Friday, January 7, 2011

Animals Supporting Hospice-Palliative Care Philosophy (Research, Video 4:15)

Many animals seem to instinctively support the hospice-palliative care philosophy. Researchers at the University of Stirling and at Blair Drummond Safari Park in the United Kingdom reported how three chimpanzees nurtured an elderly dying chimpanzee named Pansy. Although the chimpanzees had been separated from Pansy during the earlier stage of her illness when she was being treated, they were allowed to join her during the final phase just before her death. The chimpanzees “frequently groomed and caressed” her. They stayed close to her, shook her shoulder to test for signs of life, and appeared to understand when she was no longer alive. Although Pansy’s daughter Rosie did not normally sleep near her mother, she stayed with her mother’s corpse most of the night, but she didn’t sleep soundly.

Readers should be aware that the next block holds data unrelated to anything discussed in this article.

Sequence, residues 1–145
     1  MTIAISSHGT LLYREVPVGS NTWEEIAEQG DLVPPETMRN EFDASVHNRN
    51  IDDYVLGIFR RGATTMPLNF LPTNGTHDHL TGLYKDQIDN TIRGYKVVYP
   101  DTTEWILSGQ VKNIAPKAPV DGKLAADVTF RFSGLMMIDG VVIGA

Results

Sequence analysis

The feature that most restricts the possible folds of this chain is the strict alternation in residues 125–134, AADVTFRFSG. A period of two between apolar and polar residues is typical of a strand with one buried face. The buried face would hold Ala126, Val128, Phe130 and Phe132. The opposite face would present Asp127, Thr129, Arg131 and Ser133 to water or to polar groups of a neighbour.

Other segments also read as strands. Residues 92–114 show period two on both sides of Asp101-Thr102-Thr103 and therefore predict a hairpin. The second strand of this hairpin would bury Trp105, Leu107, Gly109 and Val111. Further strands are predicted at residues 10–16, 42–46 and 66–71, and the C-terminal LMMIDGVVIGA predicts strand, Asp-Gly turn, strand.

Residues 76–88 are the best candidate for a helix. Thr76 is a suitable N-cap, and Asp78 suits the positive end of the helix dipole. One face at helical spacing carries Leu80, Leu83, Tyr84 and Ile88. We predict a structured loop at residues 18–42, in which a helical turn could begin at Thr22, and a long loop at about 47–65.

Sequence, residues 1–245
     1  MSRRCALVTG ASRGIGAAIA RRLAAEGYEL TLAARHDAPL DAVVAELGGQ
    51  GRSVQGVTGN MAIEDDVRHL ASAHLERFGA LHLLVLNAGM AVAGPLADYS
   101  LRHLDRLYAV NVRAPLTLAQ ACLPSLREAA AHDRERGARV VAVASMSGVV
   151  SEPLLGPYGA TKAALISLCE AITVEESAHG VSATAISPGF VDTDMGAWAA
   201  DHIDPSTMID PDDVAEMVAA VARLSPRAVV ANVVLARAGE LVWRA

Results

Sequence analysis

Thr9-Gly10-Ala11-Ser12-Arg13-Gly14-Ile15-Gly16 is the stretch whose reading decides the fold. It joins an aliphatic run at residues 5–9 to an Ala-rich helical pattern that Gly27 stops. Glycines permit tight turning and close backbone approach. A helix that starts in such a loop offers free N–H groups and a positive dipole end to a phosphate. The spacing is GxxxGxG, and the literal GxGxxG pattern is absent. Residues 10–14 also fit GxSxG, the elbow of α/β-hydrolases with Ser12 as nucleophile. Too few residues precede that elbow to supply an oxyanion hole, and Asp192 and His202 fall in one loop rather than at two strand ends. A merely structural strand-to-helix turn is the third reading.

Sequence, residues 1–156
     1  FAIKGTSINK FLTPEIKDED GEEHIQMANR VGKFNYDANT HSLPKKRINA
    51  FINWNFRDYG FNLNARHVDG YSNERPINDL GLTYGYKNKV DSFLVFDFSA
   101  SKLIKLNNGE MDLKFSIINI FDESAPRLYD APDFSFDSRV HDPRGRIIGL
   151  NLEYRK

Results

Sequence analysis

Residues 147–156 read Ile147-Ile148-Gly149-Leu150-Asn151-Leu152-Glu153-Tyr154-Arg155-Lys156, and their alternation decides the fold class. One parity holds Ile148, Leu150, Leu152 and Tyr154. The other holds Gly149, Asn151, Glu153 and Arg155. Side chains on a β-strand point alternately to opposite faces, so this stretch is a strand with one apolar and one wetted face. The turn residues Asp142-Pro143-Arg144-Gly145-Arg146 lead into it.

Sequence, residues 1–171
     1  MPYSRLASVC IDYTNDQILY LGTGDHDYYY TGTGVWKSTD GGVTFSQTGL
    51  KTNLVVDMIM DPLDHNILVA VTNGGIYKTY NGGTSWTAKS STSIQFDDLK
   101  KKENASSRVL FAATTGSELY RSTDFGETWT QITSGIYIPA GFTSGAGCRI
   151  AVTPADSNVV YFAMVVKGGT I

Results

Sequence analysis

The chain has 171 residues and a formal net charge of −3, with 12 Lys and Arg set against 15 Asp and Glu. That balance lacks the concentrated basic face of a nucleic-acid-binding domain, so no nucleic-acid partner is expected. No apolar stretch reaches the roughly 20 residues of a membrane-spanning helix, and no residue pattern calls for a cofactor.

Sixteen hours later, the chimpanzees quietly witnessed Pansy’s corpse being removed by the zookeepers. Days later, they were still subdued and refused to make a nest on the platform where Pansy had died. I thought it was interesting that they also demonstrated a need for more attention for themselves. For humans, the bereavement process is so often made easier when others support their healing.

Should zookeepers re-evaluate the common practice of removing terminally ill animals from a group?  James Anderson, lead author, thinks so. He says, “It may be more humane to allow the group to remain together until a sick animal dies, to give the ailing animal comfort, and allow the group a sense of closure.” Does that sound familiar?

The video below highlights an everyday cat coping with the suffering or death of another cat. It’s raw expression of nurturing and grief. This scenario says a lot about animals and heartfelt caregiving. Can you feel the love?

Frances Shani Parker, Author

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